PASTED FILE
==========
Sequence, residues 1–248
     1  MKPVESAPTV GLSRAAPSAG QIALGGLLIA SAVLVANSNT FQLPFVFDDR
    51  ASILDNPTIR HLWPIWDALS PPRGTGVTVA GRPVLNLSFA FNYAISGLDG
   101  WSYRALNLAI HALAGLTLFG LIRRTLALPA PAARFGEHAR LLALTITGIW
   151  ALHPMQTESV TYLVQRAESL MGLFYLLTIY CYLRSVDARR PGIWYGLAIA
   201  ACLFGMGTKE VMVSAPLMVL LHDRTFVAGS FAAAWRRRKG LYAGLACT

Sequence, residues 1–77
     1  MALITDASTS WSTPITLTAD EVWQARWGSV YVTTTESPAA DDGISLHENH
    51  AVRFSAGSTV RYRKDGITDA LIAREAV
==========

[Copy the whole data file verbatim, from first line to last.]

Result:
Sequence, residues 1–248
     1  MKPVESAPTV GLSRAAPSAG QIALGGLLIA SAVLVANSNT FQLPFVFDDR
    51  ASILDNPTIR HLWPIWDALS PPRGTGVTVA GRPVLNLSFA FNYAISGLDG
   101  WSYRALNLAI HALAGLTLFG LIRRTLALPA PAARFGEHAR LLALTITGIW
   151  ALHPMQTESV TYLVQRAESL MGLFYLLTIY CYLRSVDARR PGIWYGLAIA
   201  ACLFGMGTKE VMVSAPLMVL LHDRTFVAGS FAAAWRRRKG LYAGLACT

Sequence, residues 1–77
     1  MALITDASTS WSTPITLTAD EVWQARWGSV YVTTTESPAA DDGISLHENH
    51  AVRFSAGSTV RYRKDGITDA LIAREAV